San Marcos city officials try to bring technology, sustainable jobs to community

By Victoria Robinson and Ross Griffith

Faced with a bulging population and a poverty rate of nearly 40 percent, San Marcos city officials are trying to attract companies to the area and provide job training for residents.

The city’s manager Jared Miller said more than 75 percent of the population growth in the city is attributed to domestic migration. For the third year, San Marcos was recently named by the U.S. Census Bureau as the fastest growing city in the United States.

“Recent data confirms that new residents have lower levels of education, higher poverty rates, and lower household incomes than current residents,” Miller said. “The poverty rate of in-migrants is 36.5 percent, while only 27.4 percent of those people hold a bachelor’s or graduate degree.”

So what can individuals without degrees or job training do?

San Marcos’ regional partners, including the San Marcos Consolidated Independent School District, Austin Community College and Gary Jobs Corps, all offer numerous opportunities for workforce development and education. These organizations allow individuals to train and prepare for different fields that offer competitive wages.

With SMCISD and ACC offering educational training, Gary Jobs Corps offers workforce training that allows people to continue into higher-paying jobs.

“It’s a federal job corps facility, and they specifically target at-risk youth from all over the region,” said Kevin Burke, the city’s Economic and Development Projects Coordinator. “It’s really good for members of the community that may not have graduated from high school and it also benefits the employers because (the trained individuals are) coming into the workforce equipped with these skills the company wants.”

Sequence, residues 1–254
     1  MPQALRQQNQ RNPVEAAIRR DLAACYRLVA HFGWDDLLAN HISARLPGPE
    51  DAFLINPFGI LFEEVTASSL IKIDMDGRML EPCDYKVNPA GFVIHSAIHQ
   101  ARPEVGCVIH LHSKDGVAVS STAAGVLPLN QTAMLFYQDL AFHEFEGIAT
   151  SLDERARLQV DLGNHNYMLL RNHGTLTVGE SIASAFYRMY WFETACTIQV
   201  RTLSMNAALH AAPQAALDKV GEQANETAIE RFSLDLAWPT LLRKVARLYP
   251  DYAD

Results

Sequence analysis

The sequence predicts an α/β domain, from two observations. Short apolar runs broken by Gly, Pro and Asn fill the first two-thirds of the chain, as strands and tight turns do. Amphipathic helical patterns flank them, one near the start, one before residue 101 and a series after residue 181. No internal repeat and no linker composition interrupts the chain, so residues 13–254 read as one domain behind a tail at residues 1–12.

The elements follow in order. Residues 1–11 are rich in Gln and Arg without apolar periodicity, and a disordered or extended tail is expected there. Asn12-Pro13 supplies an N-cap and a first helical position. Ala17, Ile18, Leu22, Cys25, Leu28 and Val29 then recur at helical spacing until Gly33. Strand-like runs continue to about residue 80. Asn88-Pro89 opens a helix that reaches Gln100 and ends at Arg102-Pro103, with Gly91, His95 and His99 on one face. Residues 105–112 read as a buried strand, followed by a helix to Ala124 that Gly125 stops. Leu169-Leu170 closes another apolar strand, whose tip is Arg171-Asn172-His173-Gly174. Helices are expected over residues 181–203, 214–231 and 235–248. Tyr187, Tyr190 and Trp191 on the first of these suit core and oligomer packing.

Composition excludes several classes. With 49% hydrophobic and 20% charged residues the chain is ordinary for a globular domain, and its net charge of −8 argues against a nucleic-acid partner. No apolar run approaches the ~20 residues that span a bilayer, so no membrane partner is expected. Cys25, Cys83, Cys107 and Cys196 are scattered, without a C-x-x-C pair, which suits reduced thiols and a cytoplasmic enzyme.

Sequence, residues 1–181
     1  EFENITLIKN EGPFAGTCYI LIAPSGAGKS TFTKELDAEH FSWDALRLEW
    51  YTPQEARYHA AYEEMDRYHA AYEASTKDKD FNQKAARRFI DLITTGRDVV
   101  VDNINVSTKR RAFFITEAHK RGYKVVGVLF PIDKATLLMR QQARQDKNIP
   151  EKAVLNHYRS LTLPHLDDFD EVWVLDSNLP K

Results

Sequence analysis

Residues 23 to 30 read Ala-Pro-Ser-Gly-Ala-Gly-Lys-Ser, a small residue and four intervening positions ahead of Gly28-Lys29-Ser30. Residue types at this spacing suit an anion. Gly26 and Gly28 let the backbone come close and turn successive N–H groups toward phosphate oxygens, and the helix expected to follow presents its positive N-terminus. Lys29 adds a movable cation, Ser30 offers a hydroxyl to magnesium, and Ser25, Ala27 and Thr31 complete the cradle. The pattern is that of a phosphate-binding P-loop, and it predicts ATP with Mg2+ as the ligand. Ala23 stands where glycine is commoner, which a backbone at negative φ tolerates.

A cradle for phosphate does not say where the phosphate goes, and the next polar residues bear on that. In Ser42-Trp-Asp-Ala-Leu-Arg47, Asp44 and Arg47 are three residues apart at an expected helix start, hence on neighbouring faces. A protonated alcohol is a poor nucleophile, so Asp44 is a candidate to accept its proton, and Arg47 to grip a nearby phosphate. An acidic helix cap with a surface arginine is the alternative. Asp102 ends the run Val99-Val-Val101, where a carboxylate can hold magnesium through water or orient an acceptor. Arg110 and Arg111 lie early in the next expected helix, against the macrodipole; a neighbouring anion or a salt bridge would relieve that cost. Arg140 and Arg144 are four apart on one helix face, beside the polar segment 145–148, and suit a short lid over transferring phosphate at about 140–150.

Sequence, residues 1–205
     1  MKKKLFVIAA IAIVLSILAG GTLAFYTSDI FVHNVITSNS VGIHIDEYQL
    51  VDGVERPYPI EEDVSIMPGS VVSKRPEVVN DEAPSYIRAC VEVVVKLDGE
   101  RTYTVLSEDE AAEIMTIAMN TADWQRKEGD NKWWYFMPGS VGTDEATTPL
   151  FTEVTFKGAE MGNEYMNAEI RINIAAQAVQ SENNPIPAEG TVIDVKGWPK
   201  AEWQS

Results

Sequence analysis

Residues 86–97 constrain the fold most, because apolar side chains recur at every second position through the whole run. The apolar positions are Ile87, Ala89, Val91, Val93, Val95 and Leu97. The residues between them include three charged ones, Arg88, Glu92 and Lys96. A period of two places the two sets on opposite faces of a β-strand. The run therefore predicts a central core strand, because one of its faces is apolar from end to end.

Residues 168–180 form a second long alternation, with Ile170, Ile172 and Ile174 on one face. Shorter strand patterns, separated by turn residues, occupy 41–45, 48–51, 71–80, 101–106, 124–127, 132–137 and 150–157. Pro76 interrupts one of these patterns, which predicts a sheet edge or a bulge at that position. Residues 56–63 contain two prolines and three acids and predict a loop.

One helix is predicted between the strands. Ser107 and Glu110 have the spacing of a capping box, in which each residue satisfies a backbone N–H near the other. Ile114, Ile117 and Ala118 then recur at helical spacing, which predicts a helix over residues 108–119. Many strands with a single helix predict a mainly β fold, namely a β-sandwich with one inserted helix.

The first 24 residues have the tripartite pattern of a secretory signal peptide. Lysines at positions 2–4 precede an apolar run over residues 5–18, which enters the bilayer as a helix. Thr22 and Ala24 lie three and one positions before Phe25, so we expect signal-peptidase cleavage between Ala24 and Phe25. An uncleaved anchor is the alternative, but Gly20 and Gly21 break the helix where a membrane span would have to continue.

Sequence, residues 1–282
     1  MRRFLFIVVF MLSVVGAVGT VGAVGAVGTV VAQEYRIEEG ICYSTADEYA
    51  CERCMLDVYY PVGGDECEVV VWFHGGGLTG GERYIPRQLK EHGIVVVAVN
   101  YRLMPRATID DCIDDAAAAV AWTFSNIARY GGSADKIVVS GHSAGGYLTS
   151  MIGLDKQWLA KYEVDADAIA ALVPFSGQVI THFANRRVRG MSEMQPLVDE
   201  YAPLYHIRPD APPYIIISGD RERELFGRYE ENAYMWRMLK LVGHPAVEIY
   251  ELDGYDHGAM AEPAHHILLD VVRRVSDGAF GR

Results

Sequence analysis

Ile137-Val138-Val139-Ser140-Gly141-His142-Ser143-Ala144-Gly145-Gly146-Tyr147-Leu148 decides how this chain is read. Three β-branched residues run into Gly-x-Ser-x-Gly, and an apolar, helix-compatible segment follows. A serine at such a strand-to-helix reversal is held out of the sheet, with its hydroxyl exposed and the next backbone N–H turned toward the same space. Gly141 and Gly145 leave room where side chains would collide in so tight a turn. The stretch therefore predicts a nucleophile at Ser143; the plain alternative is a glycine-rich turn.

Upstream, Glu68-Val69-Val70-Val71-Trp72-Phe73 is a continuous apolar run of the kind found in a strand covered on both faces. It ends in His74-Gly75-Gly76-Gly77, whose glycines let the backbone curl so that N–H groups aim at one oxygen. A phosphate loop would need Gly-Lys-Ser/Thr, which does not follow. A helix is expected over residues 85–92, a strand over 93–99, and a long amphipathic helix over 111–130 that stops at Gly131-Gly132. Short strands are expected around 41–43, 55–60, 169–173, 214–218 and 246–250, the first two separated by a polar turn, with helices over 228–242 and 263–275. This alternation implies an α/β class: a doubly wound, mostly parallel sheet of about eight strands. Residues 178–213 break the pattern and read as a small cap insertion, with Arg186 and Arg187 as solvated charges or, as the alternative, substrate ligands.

Miller said underemployment also might play a role in why some individuals are struggling.

“San Marcos has some citizens who are educated and highly trained who are not working in their field,” Miller said. “The city is working to bring jobs to the area that enable these individuals to use their skills and education in a job that allows them to make a competitive wage and have a better quality of life.”

Burke said a recent project undertaken by the city was completed after a property tax rebate program was offered to a Louisiana-based company. The focus of the project, Epic Piping, will join the recently announced Amazon fulfillment center in bringing more than 1,500 new jobs to San Marcos.

The city’s largest employers include: Texas State University, Prime and Tanger Outlets, Hays County, the City of San Marcos, C-FAN, McCoys and Mensor Therman.

Despite being a town inundated with low-paying retail jobs, San Marcos is looking to become a major player in the growing technological boon of Central Texas.

College graduates seeking careers in STEM fields also have something to look forward to. The city has been working with Texas State University’s Science, Technology and Advanced Research Park (or STAR Park) to encourage tech startups to move their operations to San Marcos. The park’s executive director Stephen Frayser has experience with startup incubators after working for the University of Nebraska.